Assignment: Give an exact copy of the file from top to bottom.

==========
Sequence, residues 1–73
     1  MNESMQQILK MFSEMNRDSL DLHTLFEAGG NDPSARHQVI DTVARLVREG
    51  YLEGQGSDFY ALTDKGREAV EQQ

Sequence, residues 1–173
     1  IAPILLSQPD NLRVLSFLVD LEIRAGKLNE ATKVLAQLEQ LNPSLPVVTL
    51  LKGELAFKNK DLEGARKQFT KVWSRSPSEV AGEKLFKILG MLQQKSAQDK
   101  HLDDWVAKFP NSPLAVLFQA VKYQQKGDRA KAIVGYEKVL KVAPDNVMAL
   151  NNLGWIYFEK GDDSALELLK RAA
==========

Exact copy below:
Sequence, residues 1–73
     1  MNESMQQILK MFSEMNRDSL DLHTLFEAGG NDPSARHQVI DTVARLVREG
    51  YLEGQGSDFY ALTDKGREAV EQQ

Sequence, residues 1–173
     1  IAPILLSQPD NLRVLSFLVD LEIRAGKLNE ATKVLAQLEQ LNPSLPVVTL
    51  LKGELAFKNK DLEGARKQFT KVWSRSPSEV AGEKLFKILG MLQQKSAQDK
   101  HLDDWVAKFP NSPLAVLFQA VKYQQKGDRA KAIVGYEKVL KVAPDNVMAL
   151  NNLGWIYFEK GDDSALELLK RAA